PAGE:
He still hangs with his parents. Brenda Hurd said the get-togethers are just larger now. The sons now bring their girlfriends with them to the home and they go out together for dinner or just spend time enjoying each other’s company.
There’s a lot for Fred Sr. and Brenda to be proud of, and not a lot to complain about. There is, though, one small thing.
“I’m so proud of Jarrett and what I am most proud of is the way he handles people,” Brenda Hurd said. “When someone comes up to him and asks for a picture or an autograph, he’s always nice and gives them his total respect and attention. He’s that kind of guy. He shakes hands with the people and he’s never rude. He’s just about perfect.
“The only thing I can say bad about him is that he doesn’t like cutting the grass. He hates cutting the grass. If he liked that, he’d be perfect, but we’re very thankful for the man he has become.”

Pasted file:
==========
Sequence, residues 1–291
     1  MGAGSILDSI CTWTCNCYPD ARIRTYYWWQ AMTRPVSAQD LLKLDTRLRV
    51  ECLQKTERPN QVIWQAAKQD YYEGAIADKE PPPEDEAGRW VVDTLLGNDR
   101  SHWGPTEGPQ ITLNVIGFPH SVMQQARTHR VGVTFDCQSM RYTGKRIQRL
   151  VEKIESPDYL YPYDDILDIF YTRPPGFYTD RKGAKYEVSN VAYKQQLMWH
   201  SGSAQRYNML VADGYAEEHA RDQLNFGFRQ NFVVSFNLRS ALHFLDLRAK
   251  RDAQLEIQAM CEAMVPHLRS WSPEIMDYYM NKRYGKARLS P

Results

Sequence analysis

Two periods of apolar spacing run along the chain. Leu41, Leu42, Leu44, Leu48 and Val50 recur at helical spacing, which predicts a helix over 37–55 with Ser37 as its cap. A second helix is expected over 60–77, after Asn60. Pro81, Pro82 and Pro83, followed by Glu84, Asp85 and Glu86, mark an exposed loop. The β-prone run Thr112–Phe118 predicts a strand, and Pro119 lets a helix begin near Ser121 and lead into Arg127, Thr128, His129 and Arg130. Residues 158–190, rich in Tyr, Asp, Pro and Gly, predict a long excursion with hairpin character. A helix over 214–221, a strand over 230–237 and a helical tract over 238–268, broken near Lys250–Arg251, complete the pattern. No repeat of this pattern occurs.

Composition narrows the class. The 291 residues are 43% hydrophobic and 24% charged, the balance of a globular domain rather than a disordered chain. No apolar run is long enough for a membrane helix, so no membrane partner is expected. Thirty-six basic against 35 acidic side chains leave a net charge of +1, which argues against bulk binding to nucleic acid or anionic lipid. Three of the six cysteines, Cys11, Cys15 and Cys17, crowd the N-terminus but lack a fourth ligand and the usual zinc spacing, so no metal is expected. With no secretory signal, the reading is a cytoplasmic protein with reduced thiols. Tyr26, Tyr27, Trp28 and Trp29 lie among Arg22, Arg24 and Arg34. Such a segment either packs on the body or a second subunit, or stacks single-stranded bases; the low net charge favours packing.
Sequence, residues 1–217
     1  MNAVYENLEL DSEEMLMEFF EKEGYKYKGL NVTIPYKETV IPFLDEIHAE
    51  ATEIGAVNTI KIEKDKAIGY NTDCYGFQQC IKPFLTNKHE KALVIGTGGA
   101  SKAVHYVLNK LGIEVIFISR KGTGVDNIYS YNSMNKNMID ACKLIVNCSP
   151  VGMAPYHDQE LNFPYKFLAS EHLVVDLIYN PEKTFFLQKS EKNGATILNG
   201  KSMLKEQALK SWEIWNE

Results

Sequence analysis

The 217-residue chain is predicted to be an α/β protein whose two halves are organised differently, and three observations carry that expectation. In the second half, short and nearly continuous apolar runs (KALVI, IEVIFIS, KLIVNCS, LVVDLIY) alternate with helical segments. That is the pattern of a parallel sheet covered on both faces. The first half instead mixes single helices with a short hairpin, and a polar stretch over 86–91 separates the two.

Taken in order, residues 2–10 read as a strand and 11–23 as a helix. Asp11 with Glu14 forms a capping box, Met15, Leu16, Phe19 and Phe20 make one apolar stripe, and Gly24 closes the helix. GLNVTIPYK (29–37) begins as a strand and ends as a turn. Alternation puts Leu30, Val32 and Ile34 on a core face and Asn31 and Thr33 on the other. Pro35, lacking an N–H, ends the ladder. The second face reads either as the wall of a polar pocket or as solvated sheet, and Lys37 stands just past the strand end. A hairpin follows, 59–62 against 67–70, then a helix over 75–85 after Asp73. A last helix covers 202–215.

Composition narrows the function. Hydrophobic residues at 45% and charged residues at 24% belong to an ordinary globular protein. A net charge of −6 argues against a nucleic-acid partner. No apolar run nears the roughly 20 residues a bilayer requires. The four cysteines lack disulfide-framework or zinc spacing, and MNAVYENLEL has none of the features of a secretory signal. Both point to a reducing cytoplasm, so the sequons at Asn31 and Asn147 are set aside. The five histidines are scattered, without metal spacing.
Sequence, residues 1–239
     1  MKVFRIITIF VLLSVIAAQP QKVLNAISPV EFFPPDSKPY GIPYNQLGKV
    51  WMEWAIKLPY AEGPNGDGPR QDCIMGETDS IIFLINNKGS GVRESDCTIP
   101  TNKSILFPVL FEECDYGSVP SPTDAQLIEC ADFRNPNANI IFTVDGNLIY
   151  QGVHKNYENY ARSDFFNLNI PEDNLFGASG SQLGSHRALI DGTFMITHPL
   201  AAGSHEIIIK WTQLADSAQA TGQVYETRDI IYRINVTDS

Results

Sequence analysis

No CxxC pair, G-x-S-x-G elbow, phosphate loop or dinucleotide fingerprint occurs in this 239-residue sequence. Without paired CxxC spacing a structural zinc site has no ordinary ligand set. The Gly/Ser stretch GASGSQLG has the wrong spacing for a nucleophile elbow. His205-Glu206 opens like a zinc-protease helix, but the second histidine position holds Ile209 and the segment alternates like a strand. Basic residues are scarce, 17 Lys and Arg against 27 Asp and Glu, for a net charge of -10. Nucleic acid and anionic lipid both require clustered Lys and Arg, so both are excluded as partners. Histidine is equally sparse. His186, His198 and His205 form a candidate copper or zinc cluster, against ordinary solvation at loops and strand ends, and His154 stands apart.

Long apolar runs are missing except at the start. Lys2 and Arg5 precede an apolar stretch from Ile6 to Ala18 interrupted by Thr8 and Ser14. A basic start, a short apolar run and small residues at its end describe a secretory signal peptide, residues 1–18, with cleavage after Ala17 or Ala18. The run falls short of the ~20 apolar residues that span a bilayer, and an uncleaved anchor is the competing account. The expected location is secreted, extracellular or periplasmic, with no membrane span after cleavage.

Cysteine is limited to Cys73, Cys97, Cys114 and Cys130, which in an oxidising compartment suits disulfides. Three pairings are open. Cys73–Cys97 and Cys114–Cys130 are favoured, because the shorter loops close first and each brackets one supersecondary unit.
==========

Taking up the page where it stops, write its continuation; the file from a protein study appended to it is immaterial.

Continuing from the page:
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How death, humility and prophecy made Jarrett Hurd a world champion
In today’s age of self-aggrandizement and pomposity, “Swift” Jarrett Hurd and his trainer, Ernesto Rodriguez, are outliers.
Hurd will defend his WBA and IBF world 154lb. titles versus England’s Jason Welborn this Saturday, December 1. Rodriguez has been his trainer for 13 years. According to him, they were brought together by a series of events that could only happen by divine intervention.
Rodriguez, or Nesto as associates call him, was born in Panama City, Panama, in a rough section called San Miguelito. The boxing-centric district produced greats Eusebio Pedroza and Hilario Zapata.
Nesto began boxing at five. He was 10 when his family migrated to Maryland, where he pursued an amateur career and won two national tournaments.
In 1997, he turned pro at featherweight. He was 8-0 but had little to show for it.